Chapter 6  //  Contents  //  Chapter 8




The wounds heal!

In a small hut outside Budapest, Father Michael Dennis, the historian of the Order of the Jesuits, was sitting behind a stack of books as he spoke to George Pap.

"The church officials said that they would reinstate you if you wrote a good historical essay. Come, eat this slice of bread with honey.... My goodness, how clumsy you are!" George had placed a large spoonful of honey on a small slice of bread and he was scooping up the honey as it trickled over the sides of the bread.

They worked together for two years, followed by years of friendship. Father Dennis set George to research the historical role of the Jesuits in the unification of the Rumanian Orthodox with the Catholic Church in the Hungary and Transylvania of many years ago.

The librarians were pretty wary of this strange worker who worked in a car-manufacturing company and was interested in theology. One librarian from the National Library in Budapest told George that he would probably not be allowed to take out books on theology and that he should concentrate on subjects concerning cars.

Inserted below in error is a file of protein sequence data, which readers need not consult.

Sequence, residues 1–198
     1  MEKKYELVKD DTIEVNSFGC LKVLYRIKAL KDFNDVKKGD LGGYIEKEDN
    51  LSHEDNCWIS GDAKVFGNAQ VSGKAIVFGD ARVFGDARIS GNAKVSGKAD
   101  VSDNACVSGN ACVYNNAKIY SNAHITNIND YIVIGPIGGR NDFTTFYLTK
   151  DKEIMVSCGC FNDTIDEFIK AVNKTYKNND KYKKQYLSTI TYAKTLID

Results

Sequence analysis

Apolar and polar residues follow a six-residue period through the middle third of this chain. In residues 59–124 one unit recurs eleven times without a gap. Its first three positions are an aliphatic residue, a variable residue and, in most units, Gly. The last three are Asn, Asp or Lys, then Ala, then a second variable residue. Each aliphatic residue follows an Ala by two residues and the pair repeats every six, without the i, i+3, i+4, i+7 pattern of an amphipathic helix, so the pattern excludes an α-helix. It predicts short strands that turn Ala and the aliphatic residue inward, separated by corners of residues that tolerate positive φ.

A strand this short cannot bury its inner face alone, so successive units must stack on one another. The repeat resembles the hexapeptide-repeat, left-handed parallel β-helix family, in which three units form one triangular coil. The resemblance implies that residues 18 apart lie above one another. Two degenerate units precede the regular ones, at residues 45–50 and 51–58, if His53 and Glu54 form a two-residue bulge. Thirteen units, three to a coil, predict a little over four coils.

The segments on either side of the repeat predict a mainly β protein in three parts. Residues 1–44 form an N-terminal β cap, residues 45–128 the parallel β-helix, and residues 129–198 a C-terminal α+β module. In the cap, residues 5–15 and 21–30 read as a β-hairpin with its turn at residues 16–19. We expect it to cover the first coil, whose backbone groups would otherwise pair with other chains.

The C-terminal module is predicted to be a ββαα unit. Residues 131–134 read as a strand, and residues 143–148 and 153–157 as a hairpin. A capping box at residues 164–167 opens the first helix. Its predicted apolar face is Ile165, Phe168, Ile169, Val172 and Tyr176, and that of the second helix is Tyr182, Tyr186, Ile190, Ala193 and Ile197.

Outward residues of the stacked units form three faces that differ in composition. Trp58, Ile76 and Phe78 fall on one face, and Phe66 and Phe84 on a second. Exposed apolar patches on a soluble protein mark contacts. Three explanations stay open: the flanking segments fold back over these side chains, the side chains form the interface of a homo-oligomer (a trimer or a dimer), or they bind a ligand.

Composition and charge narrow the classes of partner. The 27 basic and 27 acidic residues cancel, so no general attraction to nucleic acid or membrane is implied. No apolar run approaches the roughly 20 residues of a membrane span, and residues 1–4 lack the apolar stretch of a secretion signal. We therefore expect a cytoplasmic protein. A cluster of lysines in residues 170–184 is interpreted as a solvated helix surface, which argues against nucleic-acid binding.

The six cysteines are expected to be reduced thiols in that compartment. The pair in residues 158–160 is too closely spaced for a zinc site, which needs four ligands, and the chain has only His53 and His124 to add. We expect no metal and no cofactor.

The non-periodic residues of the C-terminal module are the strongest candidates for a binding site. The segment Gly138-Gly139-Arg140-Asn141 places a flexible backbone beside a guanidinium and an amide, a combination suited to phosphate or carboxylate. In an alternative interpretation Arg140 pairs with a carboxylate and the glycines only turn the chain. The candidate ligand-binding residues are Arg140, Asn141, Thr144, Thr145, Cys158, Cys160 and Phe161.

The central library of the Order was hidden in a large attic, with books scattered everywhere, and this was where George found many books that would help him in his research.

Returning home by tram, the father would speak in Latin so that people would not realize that they were priests. This of course, caused the opposite. People realized who they were, as who else but priests would speak Latin? Being naive and retiring, the good-natured father was just someone who was not in favour with officials of the Order.

As George examined the historical Jesuit documents that were relevant to Orthodoxy, he often came across the observation that the Orthodox were "stubbornly devoted" to their functions, their fastings, their traditions. But why such perseverance?

He had come across certain Orthodox traditions and understood that they mesmerized the people who would not want these traditions to be sacrificed.